As my last post indicated, each gospel has its own character, and the Revised Common Lectionary makes this fact less clear.
Well, I can’t just leave it like that—complain and not suggest a fix for said complaint.
So, here is my bare bones proposal for how to re-organize the lectionary:
Year 1: Matthew, The Law, Non-Pauline Letters
Matthew goes to certain lengths to connect Jesus with Moses and the Law, what better place to point this out than in the books of the Bible we read. Additionally, giving the non-Pauline letters some space to talk to the church on their own seems healthy.
Year 2: Mark, The Histories, Pauline Letters
Mark is a shorter Gospel, but that just means we can focus on smaller sections of Mark and larger sections of Paul and really get to know the history and story found in Joshua, Judges, Ruth, Samuel, Kings, Chronicles, Ezra-Nehemiah, and Ester.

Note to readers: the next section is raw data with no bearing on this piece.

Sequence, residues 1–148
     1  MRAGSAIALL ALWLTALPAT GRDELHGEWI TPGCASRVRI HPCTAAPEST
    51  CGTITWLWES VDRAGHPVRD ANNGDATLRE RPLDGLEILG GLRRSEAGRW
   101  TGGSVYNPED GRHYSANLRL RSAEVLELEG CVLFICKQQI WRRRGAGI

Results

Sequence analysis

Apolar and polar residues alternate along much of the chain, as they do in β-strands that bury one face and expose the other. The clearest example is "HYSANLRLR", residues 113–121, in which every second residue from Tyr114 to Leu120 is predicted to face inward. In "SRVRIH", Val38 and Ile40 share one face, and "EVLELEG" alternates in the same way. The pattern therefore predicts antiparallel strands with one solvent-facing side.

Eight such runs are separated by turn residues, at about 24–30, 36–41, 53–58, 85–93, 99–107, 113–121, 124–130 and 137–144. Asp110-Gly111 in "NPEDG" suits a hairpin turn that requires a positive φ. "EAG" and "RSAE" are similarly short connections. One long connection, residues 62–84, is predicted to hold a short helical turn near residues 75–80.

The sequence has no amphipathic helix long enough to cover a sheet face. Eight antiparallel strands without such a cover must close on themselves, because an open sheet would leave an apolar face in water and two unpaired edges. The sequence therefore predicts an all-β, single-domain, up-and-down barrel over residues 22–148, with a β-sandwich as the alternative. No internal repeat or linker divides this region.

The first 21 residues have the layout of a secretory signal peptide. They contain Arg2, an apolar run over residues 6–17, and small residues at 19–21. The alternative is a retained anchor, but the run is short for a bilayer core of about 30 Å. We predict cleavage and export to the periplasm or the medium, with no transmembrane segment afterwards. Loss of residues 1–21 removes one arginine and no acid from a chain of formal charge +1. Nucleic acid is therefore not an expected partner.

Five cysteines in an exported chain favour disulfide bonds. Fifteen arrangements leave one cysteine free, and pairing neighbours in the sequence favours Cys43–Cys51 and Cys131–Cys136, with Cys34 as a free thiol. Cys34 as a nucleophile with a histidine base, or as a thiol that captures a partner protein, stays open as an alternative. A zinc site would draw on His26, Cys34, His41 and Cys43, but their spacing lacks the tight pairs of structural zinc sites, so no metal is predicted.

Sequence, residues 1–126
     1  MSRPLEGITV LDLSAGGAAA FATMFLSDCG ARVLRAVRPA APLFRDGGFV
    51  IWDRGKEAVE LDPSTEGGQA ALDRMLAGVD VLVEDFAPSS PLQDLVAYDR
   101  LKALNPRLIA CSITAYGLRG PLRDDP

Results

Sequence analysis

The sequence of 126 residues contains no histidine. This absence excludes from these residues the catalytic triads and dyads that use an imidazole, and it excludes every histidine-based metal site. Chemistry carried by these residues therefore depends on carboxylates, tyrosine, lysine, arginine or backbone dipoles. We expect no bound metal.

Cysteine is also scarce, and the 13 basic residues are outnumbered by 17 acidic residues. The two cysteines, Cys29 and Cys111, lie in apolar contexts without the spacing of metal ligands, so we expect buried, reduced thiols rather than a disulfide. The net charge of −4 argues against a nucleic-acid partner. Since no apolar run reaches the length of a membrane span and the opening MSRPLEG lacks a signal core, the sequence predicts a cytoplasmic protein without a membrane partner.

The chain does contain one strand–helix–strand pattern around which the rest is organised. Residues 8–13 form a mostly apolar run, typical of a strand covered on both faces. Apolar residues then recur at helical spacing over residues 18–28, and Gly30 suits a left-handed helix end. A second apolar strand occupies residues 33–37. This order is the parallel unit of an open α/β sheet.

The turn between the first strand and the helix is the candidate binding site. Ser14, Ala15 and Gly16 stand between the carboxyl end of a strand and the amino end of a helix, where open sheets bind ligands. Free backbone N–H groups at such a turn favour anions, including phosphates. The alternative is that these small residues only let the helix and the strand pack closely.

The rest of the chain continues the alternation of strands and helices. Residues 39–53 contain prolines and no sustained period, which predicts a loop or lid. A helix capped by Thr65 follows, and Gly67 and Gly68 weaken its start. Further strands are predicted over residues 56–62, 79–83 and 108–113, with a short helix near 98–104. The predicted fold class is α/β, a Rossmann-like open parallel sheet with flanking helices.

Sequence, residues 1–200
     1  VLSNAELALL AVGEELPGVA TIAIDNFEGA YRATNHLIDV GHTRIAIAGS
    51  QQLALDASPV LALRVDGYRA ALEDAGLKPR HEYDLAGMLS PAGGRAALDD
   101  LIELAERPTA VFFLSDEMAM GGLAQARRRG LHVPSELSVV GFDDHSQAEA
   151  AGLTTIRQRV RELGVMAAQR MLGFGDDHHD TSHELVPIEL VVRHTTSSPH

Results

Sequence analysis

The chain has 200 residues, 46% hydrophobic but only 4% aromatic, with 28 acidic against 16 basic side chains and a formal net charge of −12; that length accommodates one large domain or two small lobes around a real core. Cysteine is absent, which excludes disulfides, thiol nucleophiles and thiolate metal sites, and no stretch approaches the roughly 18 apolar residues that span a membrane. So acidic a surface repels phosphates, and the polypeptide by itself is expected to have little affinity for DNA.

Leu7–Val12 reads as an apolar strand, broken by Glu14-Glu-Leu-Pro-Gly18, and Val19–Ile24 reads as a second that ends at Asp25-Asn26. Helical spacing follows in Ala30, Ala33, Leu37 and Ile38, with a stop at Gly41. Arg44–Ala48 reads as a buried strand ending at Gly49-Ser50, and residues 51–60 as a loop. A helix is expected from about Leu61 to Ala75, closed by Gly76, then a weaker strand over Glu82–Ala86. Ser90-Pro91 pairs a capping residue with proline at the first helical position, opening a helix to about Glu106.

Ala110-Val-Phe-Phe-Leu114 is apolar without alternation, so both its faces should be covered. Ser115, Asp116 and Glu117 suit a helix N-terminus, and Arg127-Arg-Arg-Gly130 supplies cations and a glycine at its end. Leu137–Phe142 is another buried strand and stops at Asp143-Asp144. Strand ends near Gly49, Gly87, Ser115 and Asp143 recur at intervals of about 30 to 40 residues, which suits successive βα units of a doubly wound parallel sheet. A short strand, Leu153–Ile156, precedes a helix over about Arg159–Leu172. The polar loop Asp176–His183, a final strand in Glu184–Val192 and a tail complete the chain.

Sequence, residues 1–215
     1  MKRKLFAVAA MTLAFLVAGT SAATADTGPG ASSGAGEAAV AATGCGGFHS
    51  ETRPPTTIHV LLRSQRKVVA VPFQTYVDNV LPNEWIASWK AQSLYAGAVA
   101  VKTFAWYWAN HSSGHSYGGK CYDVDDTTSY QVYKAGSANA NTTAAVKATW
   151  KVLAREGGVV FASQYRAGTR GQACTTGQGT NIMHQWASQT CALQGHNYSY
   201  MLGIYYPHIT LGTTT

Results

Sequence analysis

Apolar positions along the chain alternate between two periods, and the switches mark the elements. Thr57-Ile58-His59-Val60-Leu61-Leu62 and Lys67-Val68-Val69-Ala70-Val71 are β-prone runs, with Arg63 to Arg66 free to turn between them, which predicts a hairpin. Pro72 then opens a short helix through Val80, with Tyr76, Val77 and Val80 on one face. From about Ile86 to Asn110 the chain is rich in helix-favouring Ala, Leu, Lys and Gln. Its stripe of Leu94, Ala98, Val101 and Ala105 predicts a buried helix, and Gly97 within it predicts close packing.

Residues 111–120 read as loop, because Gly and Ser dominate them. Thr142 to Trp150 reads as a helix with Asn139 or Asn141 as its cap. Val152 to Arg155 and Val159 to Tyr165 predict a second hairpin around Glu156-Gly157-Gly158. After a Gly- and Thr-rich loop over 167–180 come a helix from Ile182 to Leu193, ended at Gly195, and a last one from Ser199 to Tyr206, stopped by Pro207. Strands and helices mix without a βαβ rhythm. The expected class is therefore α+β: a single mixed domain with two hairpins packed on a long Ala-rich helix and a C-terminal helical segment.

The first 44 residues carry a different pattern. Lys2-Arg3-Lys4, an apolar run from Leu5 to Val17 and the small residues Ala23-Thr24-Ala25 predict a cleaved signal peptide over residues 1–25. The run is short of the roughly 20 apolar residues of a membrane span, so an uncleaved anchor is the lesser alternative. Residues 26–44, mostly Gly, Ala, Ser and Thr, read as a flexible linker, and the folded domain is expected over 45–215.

Year 3: Luke, The Prophets, The Book of Acts
Reconnecting Luke and Acts, since they are by the same author and two halves of his same story, makes good sense. Luke’s focus on some of the social and economic aspects of Jesus’ ministry and world he lives in echoes in the Prophetic books of Hebrew Scripture.
Year 4: John, Wisdom Literature, The Book of Revelation
Sigh with me for a second, feel the extra space? The gospel of John finally gets to breath! As I indicated in the previous post one of the ways to describe Jesus as Word of God is “Incarnate Divine Proverb.” Well, what better place to look at Wisdom Literature than side by side with a gospel that proclaims Wisdom’s incarnation. As for Revelation, both authors are known as John, and both describe Jesus in ways that differ greatly from the other Gospels. Additionally, wrestling with Revelation for a whole year might force main-line churches to admit that this strain of apocalyptic literature is our property too.